All articles are from the Ontario Reformer
December 6, 1872
A short time ago a horse was advertised in the Reformer as strayed. It had been missing for some weeks, and no clue to its whereabouts could be obtained till the day after the “ad” appeared, when the owner saw it and got his horse. One day this week a man came in to advertise a steer which had strayed on to his premises. Before the advertisement appeared in print the owner had his animal. If you want anything made known bring your advertisement to the Reformer office. We presume the reason why the last anumal was recovered so soon was, the “ad” was paid for in advance.
December 6, 1872
In Oshawa, on the 3rd inst., the wife of Thomas Hopper, of a son.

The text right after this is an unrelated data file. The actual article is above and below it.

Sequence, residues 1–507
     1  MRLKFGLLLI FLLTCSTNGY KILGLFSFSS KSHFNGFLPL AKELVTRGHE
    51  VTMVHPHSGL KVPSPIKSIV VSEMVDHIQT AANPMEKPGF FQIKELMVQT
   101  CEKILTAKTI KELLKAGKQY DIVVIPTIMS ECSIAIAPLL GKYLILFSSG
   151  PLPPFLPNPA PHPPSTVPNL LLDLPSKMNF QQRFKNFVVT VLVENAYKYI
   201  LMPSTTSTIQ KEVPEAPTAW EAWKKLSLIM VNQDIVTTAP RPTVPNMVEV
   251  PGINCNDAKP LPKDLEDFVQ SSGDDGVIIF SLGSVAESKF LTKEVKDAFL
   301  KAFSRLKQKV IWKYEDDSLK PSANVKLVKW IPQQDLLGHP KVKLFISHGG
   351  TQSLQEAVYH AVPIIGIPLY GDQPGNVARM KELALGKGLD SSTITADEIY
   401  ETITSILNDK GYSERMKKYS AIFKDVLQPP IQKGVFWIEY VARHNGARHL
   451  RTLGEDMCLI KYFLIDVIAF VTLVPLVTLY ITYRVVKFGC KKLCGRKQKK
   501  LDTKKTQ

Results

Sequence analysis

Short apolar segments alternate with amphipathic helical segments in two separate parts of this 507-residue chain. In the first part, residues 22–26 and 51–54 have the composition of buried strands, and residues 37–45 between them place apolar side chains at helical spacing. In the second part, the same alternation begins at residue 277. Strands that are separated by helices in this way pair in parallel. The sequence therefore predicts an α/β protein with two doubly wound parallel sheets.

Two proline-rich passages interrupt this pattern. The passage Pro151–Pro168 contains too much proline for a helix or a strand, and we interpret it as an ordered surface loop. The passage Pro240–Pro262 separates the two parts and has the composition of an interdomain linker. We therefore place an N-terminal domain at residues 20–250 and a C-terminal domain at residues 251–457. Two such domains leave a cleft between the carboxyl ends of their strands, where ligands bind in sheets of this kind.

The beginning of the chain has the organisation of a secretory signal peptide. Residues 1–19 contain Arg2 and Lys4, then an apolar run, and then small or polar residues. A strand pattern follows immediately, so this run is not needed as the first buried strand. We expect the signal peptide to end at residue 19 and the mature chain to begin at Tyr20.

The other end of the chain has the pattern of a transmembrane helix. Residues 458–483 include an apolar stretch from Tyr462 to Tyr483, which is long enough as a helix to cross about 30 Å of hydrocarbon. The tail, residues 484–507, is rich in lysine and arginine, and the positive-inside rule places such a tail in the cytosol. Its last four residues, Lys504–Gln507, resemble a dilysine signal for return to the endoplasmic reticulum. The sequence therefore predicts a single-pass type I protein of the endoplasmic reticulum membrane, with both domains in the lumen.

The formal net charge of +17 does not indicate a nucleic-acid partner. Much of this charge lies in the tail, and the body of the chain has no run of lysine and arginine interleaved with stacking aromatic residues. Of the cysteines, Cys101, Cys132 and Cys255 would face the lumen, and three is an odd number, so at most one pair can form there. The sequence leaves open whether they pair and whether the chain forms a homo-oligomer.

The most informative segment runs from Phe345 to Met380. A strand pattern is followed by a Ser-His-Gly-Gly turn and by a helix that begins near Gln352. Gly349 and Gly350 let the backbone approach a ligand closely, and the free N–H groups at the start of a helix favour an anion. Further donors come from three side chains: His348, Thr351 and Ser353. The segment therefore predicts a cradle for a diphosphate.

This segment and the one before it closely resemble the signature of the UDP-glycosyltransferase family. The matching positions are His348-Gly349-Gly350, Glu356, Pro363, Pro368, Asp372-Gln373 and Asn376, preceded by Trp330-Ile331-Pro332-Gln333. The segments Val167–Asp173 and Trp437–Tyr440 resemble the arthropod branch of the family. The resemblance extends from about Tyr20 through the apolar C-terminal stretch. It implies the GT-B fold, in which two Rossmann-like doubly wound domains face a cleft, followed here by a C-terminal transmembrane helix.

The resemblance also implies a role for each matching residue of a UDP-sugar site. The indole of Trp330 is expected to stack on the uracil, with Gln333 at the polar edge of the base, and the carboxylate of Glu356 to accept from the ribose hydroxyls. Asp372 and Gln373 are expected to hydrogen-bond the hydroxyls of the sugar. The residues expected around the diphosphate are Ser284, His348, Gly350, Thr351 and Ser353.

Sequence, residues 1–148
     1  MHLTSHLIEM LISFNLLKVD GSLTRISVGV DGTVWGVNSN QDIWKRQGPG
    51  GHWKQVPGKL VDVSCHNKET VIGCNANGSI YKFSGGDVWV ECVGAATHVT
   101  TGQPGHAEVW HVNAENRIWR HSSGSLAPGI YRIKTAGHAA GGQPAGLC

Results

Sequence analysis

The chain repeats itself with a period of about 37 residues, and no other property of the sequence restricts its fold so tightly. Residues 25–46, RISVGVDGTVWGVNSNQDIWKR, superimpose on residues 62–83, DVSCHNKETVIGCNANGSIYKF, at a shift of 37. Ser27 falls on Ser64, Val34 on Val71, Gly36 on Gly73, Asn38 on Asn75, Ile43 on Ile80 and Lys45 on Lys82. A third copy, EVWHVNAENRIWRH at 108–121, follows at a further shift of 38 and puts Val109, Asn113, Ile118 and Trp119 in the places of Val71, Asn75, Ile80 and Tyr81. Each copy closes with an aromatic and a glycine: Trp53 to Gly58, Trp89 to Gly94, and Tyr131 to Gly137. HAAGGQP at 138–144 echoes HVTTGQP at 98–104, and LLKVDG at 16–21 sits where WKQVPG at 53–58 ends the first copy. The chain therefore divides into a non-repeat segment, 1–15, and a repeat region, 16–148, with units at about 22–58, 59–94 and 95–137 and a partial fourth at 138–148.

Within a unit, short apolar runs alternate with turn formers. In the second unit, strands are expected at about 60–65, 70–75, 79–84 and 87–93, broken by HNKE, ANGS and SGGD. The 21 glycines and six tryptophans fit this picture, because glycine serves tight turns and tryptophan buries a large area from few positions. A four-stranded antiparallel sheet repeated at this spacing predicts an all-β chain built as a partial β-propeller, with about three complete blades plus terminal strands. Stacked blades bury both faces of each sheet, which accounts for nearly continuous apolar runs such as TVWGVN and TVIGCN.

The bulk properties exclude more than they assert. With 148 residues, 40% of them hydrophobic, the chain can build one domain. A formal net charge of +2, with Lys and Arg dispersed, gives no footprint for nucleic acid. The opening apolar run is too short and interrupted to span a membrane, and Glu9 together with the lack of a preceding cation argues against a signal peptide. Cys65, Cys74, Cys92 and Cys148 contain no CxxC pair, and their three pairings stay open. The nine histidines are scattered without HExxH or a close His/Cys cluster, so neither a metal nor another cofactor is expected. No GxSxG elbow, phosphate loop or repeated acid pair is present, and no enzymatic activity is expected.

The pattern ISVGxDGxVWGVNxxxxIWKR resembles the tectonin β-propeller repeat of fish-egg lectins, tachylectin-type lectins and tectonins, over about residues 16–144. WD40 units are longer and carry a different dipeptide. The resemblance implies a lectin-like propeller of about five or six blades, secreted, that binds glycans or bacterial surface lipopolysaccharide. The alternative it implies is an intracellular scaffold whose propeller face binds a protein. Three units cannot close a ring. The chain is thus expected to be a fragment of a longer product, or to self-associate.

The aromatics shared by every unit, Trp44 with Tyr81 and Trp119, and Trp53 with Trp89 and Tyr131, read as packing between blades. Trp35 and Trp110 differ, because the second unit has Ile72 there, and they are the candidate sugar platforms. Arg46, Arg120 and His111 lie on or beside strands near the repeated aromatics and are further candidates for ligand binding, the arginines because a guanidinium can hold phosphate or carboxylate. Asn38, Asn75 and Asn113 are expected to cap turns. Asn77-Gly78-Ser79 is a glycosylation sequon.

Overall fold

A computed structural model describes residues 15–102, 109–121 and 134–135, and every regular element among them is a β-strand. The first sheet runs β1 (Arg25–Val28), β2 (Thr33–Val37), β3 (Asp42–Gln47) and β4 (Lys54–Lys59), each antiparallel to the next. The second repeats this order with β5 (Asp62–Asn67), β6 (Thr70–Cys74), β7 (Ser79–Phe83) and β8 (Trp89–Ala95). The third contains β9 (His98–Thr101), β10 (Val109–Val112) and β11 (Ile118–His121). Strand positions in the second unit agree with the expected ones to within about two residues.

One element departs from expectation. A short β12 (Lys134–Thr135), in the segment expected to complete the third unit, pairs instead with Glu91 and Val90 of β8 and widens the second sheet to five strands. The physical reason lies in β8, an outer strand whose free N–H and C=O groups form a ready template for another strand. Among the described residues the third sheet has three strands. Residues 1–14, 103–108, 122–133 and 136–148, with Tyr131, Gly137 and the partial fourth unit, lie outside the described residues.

In Oshawa, on the 4th inst, the wife of Mr. Parks, Bruce Street, of a son.
In Harmony, on the 3rd inst., the wife of Mr. Calston Horn, of a son.
In Oshawa on the 30th ult., the wife of Mr. Wm. Right, of a son.
On the 27th ult., by the Rev. Wm. Scott Mr Thomas Hoskin Jr., of Oshawa, to Miss Eliza Jane, eldest daughter of the late Mr. John Colman, of Darlington
December 13, 1872
Terrible Conflegration (sic)
Fourteen places of business and seven dwellings destroyed
The fire supposed to be the work of an ifcendiary (sic)